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City of London

School for girls

The poetic friendship of the fab four

A group of four alumnae have been recalling their school days and preserving the bonds they forged at City through a common passion. Sheila Sparrow (class of 1967) tells us how their poetry club has been a source of solace as they share the meaningful benefits that literature can provide.  

Lockdown has been a difficult and strange time for all of us. Four of us alumnae from the 1960s missed our annual meeting in London in June to celebrate us all turning 70. 

The ‘fab four’ (as we call ourselves) are Jenny Clay (née Warwick, class of 1968) a retired teacher, Alison Reynolds (née Penhallow, class of 1967) a retired registered general nurse, Sheila Sparrow (née Stewart, class of 1967) also a retired registered general nurse and Heather Love (née Thompson, class of 1968) a retired teaching assistant. 

At the end of March, I sent an email to the three saying ‘I remember so well at our last reunion, Alison reciting the poem… ‘Loveliest of Trees, the Cherry now’ by A. E. Housman…. and I wondered if you would like to join my ‘Poem a week club’ to share poems that mean a lot to you or resonate with you in some way’. 

The response was very gratifying as all three sent back most enthusiastic messages such as, ‘Great, I’d love to join as so often, I can recite the first line of a poem, but it will be lovely to remember and ponder the whole poem again’.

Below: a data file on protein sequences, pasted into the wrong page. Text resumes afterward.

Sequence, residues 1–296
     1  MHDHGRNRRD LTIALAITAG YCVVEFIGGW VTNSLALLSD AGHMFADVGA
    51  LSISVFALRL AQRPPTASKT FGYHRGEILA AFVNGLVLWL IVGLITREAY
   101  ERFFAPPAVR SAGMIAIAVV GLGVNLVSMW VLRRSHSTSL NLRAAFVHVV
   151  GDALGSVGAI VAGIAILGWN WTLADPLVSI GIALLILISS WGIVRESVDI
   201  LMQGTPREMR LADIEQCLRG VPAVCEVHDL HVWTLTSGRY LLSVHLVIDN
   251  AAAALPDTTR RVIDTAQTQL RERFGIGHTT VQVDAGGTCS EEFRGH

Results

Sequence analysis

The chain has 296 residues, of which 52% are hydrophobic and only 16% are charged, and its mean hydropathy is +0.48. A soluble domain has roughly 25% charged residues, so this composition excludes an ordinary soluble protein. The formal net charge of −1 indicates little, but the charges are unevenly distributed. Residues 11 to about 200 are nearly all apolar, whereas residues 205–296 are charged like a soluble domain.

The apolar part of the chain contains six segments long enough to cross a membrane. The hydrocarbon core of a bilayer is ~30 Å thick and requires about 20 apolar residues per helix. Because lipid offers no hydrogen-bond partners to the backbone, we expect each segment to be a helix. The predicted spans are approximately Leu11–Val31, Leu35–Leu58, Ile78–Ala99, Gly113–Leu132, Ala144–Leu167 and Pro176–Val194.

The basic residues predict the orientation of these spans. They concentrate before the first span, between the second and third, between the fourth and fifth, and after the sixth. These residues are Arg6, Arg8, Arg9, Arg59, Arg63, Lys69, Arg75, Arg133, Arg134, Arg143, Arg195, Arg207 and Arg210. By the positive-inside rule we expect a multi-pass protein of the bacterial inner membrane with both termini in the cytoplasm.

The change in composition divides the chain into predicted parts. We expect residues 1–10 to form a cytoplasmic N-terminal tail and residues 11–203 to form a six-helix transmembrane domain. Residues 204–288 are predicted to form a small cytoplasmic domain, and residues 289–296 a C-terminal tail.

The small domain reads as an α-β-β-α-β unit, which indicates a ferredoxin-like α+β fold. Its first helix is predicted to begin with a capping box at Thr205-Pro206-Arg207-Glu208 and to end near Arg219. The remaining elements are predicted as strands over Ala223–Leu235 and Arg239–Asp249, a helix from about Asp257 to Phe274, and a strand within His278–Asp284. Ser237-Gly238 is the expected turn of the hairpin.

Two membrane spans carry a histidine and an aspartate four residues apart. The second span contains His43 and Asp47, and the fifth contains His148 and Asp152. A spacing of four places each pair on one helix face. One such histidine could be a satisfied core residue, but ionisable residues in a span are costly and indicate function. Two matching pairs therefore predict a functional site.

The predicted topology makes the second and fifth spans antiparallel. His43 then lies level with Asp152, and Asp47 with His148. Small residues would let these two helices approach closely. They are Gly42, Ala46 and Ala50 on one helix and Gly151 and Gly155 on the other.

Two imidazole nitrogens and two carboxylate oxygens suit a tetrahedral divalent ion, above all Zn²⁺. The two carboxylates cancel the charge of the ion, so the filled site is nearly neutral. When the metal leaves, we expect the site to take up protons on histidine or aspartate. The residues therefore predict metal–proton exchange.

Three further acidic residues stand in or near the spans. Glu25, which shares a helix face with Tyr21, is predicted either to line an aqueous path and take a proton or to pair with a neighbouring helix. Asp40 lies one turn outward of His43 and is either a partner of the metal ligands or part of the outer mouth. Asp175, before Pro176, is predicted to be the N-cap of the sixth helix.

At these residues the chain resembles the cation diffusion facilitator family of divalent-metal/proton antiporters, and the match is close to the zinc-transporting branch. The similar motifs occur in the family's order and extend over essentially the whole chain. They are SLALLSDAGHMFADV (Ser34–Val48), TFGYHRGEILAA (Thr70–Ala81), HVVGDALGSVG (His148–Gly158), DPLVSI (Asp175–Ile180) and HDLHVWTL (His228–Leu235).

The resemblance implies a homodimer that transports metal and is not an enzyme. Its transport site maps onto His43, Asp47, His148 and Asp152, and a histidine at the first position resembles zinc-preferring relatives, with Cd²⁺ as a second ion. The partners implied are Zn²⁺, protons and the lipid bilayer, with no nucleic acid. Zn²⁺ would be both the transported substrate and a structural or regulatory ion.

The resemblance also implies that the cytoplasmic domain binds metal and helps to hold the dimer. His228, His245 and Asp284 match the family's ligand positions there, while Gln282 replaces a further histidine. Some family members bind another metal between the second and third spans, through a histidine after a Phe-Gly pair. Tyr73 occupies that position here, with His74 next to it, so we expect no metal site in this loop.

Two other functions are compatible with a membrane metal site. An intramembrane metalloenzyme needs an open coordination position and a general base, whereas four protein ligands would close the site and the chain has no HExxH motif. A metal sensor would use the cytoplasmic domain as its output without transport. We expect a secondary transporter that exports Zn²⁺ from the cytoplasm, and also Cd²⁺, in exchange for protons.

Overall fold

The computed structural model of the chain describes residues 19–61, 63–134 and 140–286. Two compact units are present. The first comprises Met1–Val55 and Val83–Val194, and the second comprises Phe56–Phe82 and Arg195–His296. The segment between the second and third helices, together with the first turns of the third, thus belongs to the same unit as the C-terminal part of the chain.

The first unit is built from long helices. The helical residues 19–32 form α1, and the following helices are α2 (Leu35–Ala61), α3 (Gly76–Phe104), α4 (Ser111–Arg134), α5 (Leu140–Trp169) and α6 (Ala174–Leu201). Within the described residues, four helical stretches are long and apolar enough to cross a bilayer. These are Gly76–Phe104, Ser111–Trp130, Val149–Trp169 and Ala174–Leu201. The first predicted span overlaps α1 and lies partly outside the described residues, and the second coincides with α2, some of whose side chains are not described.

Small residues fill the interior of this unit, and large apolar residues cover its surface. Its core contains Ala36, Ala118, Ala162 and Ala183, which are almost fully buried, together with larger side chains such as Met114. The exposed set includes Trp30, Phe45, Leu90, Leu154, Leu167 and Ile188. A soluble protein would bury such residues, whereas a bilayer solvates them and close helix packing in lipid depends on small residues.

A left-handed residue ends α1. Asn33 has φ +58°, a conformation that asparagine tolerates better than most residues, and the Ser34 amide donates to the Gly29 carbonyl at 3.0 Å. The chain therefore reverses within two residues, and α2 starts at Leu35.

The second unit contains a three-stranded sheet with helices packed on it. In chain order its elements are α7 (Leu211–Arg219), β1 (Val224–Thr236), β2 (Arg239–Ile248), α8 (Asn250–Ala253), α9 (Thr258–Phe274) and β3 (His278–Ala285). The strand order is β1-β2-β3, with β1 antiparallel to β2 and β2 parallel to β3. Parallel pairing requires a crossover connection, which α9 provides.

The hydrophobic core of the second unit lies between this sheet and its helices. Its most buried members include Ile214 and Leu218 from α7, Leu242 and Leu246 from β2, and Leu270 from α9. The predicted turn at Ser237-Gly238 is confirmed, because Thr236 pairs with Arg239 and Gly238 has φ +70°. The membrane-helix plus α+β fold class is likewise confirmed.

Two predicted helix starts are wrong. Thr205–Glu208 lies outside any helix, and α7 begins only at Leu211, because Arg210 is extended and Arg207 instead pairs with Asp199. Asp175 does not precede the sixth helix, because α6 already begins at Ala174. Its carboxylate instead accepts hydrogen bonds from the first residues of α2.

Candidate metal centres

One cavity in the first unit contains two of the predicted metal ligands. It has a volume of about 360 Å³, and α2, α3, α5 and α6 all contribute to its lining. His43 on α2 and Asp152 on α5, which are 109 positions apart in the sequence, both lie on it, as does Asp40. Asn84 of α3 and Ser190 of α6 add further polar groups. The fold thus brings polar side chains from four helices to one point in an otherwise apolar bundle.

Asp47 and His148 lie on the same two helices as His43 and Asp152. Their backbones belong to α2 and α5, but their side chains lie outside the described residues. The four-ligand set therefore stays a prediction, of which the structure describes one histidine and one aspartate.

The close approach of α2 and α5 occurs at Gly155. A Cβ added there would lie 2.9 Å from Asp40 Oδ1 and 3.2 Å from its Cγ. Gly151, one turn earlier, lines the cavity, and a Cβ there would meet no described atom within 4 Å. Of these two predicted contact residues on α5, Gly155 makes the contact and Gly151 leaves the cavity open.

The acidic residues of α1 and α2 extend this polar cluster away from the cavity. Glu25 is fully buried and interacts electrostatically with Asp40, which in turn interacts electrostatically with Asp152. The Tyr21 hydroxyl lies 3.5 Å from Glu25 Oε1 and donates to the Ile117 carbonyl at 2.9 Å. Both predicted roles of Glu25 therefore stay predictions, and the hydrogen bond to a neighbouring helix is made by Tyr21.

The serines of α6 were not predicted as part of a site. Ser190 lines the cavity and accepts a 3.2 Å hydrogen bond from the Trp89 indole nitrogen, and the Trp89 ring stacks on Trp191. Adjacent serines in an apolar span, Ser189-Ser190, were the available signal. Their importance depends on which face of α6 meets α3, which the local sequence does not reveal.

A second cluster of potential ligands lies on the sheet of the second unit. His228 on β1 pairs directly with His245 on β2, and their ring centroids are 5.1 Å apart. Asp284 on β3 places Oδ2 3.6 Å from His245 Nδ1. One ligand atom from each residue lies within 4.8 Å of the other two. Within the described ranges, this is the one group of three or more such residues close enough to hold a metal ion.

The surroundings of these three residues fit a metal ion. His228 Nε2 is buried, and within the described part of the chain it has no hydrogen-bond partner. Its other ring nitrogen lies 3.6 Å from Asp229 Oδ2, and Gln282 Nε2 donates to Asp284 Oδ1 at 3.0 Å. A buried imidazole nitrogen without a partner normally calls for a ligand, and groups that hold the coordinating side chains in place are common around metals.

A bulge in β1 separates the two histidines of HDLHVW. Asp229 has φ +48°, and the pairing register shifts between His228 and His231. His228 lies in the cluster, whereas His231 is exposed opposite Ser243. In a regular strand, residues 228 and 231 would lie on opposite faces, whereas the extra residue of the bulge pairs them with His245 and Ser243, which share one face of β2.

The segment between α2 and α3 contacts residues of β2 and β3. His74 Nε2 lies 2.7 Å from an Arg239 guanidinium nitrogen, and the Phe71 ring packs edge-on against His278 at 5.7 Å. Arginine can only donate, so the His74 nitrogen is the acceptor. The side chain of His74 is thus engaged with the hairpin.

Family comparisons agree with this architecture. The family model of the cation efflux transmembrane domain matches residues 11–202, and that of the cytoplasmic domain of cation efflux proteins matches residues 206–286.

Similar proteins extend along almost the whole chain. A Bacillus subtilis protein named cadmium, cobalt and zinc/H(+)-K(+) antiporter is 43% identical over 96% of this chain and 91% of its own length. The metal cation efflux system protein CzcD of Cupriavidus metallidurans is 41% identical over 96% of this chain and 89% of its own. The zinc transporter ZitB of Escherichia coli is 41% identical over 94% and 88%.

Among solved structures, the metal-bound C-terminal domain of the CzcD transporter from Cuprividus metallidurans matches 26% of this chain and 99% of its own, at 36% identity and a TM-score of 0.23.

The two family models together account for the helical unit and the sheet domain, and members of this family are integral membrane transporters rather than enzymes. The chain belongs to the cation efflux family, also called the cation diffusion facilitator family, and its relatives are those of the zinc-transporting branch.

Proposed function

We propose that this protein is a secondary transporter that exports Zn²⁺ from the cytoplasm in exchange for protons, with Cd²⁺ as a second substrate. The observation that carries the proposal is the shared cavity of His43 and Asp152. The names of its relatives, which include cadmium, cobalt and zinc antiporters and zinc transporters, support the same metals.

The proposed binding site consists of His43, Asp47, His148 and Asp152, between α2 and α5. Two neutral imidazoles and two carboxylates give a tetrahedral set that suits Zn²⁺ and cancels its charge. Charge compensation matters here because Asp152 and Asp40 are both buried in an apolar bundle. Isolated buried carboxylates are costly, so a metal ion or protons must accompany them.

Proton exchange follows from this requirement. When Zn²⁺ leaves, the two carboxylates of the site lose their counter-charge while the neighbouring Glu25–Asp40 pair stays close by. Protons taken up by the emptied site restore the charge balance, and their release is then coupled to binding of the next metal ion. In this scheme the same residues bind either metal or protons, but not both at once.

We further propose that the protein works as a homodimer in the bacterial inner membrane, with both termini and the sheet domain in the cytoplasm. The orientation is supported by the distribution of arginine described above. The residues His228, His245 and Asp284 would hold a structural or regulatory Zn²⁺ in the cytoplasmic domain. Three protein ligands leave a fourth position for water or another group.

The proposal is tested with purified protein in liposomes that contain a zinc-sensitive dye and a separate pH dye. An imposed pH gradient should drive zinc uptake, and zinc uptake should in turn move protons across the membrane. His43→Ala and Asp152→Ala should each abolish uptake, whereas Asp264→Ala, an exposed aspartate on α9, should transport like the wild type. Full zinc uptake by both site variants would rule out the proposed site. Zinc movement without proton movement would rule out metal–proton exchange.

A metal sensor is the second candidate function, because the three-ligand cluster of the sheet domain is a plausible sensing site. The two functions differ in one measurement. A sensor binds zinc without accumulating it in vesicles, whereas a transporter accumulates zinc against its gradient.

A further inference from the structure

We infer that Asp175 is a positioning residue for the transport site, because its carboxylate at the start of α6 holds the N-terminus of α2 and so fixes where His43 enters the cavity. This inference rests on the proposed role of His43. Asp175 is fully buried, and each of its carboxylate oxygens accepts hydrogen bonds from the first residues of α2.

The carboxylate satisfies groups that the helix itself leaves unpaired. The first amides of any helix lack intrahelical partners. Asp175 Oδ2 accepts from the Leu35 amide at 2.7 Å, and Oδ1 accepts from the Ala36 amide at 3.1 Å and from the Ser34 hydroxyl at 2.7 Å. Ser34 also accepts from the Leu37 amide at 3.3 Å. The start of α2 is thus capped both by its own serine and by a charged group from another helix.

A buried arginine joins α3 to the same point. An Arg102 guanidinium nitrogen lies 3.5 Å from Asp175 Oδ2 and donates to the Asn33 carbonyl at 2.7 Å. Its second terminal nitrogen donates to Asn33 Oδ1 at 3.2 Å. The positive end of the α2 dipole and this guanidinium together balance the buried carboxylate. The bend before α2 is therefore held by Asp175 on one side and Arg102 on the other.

We chose poems and prose that related to life, loss, faith, nature and much more with a little introduction such as… ‘I have been debating whether to send you this Philip Larkin poem because it’s not a ‘feel good’ one but I have always found it strangely compelling and still do’. This was to introduce the poem ‘Days’. 

So, during these months of lockdown, we have shared many poems together making a wonderful and varied collection. 

To name a few of them, I will just give the title and the first line.   

  • ‘Endymion’ by John Keats. 

  • ‘A thing of beauty is a joy forever.’ 

  • ‘Cargoes’ by John Masefield.  

  • ‘Quinquireme of Nineveh from distant Ophir.’ 

  • ‘Composed on Westminster Bridge’ by Wordsworth. 

  • ‘Earth has not anything to show more fair.’ 

  • ‘If –‘ by Rudyard Kipling 

  • ‘If you can keep your head when all about you’ 

  • ‘New every morning’ by Susan Coolidge 

  • ‘Every morn is the world made new.’ 

  • ‘The Lake Isle of Innisfree’ by William Butler Yeats. 

  • ‘I will arise now, and go to Innisfree’. 

This is just a small taste of some of the poems that we shared - some a reminder of our parents, some recited at funerals and some learnt at school. At the City of London School for Girls it was common for us to learn poems by heart as homework. 

Its advantages are summed up by the literary critic John Walsh who likened learning poems in this way to ‘having your own private internal iPoems library’. 

Photographed (left-right): Alison Reynolds (née Penhallow), Heather Love (née Thompson), Sheila Sparrow (née Stewart) and Jenny Clay (née Warwick)